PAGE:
West Feliciana schools expand one-to-one computer program

Advocate staff photo by JAMES MINTONKarly Wilkins, Devonte Monroe and Martha Savage, left to right, work together to plot a graph on a tablet computer in their sixth-grade science class at West Feliciana Middle School. All of the middle school's students have either laptop or tablet computers for use in class or at home under a one-to-one computer access program the West Feliciana Parish school system began in 2007. Show caption
Advocate staff photo by JAMES MINTONKarly Wilkins, Devonte Monroe and Martha Savage, left to right, work together to plot a graph on a tablet computer in their sixth-grade science class at West Feliciana Middle School. All of the middle school's students have either laptop or tablet computers for use in class or at home under a one-to-one computer access program the West Feliciana Parish school system began in 2007.

Building from a small state grant in 2007, the West Feliciana Parish school system continues to expand a program that puts computers into students’ hands for use in class or at home.

The one-to-one computer initiative now has 750 tablet computers in use and 160 laptop computers, most of them at West Feliciana Middle School, said Jerome Matherne, the district’s technology supervisor.

The sixth, seventh and ninth grades have Apple iPad tablet computers and the eighth grade uses Apple MacBook laptops, Matherne said.

The program began in the middle school but now has reached into some elementary grades and the high school’s ninth-grade class.

“I think what we’re doing at the middle school right now is the future of public education,” Superintendent Hollis G. Milton said. “We’re just ahead of it.”

Milton said strong leadership, especially on the part of middle school Principal Ben Necaise, is critical to the program’s success.

“He really knows how to lead that type of innovation,” Milton said.

The district plans to continue expanding the program “because the one-to-one device, whether it be a laptop, an iPad or a yet-unforeseen device, is the new textbook,” Milton said.

In 2007, then-Gov. Kathleen Blanco pushed legislation to begin one-to-one computer programs on a pilot basis in state schools.

Only a small number of students would get the state-funded laptops at the outset, but then-School Superintendent Lloyd Lindsey decided to use local funds and the state grant to put laptops into the hands of every sixth-grader at the middle school.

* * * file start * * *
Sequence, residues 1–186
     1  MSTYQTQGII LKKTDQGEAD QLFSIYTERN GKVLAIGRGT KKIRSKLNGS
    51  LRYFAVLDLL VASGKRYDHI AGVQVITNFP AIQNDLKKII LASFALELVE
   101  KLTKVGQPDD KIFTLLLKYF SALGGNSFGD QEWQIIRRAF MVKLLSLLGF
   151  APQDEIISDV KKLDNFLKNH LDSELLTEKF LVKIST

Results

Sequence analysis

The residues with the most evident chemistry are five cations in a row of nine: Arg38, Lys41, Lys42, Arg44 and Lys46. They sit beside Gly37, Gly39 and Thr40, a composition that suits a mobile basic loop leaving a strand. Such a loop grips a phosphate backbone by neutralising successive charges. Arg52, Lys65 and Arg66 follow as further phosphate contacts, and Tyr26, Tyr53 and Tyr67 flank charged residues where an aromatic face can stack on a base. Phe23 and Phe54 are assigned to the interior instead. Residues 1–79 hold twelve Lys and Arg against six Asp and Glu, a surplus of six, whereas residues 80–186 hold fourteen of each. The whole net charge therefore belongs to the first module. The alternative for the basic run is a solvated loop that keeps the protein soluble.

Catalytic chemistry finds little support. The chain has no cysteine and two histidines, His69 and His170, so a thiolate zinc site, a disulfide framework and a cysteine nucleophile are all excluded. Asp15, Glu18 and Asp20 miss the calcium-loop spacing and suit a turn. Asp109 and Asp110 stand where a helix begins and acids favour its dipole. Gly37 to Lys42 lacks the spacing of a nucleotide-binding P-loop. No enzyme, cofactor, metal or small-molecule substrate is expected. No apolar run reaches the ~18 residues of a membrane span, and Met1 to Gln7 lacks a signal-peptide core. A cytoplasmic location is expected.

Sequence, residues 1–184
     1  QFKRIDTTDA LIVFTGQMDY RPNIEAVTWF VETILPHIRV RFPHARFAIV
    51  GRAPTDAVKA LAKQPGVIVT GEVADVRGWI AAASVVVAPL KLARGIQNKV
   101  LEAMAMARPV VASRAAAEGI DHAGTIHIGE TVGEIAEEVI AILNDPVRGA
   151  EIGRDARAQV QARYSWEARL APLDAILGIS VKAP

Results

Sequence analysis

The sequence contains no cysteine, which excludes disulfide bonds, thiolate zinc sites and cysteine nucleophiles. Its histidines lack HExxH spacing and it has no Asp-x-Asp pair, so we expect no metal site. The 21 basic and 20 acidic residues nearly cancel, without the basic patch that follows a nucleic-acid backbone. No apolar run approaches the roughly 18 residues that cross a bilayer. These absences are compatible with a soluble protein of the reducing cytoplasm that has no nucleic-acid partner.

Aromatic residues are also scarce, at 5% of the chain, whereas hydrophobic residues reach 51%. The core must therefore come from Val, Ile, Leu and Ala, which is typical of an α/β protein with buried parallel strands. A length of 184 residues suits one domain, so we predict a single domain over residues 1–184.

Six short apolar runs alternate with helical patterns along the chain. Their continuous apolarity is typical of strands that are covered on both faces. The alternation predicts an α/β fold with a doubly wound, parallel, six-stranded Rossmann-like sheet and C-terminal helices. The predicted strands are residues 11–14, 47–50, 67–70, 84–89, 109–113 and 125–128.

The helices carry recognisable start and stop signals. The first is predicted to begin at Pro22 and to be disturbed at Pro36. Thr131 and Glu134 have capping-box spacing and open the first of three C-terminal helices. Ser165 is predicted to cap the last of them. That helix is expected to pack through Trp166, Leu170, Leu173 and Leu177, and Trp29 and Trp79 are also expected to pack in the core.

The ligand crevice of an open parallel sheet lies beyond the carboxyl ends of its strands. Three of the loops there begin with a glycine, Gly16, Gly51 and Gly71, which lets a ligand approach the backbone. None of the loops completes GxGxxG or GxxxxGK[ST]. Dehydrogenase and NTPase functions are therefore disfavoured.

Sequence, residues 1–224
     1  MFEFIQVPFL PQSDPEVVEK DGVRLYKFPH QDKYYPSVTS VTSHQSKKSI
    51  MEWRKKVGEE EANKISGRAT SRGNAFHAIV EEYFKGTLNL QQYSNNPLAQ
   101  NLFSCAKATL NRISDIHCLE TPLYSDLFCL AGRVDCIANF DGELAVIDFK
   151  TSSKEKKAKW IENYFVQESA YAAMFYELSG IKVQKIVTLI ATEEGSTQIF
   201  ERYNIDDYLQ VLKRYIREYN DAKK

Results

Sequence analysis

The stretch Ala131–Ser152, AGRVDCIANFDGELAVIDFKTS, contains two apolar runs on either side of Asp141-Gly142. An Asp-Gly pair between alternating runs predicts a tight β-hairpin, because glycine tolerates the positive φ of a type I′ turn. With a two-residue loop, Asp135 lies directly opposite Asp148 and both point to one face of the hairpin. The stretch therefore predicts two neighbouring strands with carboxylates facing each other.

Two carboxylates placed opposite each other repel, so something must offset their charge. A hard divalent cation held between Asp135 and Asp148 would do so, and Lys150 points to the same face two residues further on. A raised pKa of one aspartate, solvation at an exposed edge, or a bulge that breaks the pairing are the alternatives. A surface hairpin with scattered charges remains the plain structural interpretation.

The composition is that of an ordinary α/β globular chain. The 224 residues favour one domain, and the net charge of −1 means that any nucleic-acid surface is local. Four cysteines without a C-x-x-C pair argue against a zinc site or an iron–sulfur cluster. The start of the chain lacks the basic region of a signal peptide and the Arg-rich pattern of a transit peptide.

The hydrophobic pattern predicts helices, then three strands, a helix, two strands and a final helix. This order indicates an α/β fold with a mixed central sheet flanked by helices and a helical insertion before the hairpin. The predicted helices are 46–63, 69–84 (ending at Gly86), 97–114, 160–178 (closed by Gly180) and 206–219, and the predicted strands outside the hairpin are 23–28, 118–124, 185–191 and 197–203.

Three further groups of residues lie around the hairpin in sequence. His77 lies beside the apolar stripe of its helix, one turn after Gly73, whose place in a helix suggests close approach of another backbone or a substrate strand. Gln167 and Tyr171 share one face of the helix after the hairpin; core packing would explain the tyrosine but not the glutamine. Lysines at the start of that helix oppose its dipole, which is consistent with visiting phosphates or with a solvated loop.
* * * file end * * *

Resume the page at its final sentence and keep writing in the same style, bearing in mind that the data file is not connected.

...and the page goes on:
Lindsey, who died in April 2009, embraced the project but said he did not want to divide students into “haves and have-nots” in the area of technology.

West Feliciana voters approved a new half-cent sales tax in 2010 that provides a steady funding source to continue providing students with computers.

West Feliciana Middle School recently was one of three Louisiana schools named an Apple Distinguished School for the second consecutive year.

“It’s a huge honor,” Milton said. “I think there were 54 schools (nationwide) honored last year, and 44 this year.

“That’s a tremendous feat for us, and I think it shows a lot of accomplishments: First of all, the vision of Mr. Necaise to continue the program, the vision of Mr. Lindsey to start the program and a lot of behind-the-scenes effort, too. Those teachers work so hard trying to continue to be innovative and use them in the best ways to reach kids.”

Necaise gave two examples of how the computers are being used in his school.

In one, students who would have read 1930s radio plays in a textbook several years ago and answered questions about them with paper and pencil, now use their iPad tablets to find old radio programs on the Internet and listen to them.

The students then write their own plays and use a special music and voice editing application to record their plays.

In a math class, students use their iPads for “trick” photography” outdoors that makes them appear to be as tall as the school building or to be holding up a bus ramp. They then returned to the classroom to use other applications to make presentations on ratios and proportions from the pictures, Necaise said.

“One of the important things to understand is that one-to-one does not replace good teaching,” Necaise said. “It doesn’t replace pedagogy; it just allows it to enhance it.”

The middle school is a Wi-Fi campus.

“You’ll see kids down at the pond out back, doing science lessons,” Necaise said. “Even the reading teachers will go outside on a nice day. It still reaches them outdoors.

“Two years ago, we would have considered laptops to be our device. Now it’s more of the tablet device. The tablets are just cheaper, lighter and more durable. I couldn’t have pictured this three years ago.”

Although the computers are more susceptible to damage if students take them home, “we think it’s worth it to have as much equity (in access) in those devices,” Matherne said.

“You can do everything on an iPad that you could do on a laptop,” Necaise said. “It may be different, it may not be as robust, but you can do everything on it. We found that to be a blessing in disguise because you can create a presentation on it and might have 10 transitions you can use, as opposed to 200 on a laptop.

“So what it did was allow the teachers and students to focus more on content and not get bogged down in bells and whistles.”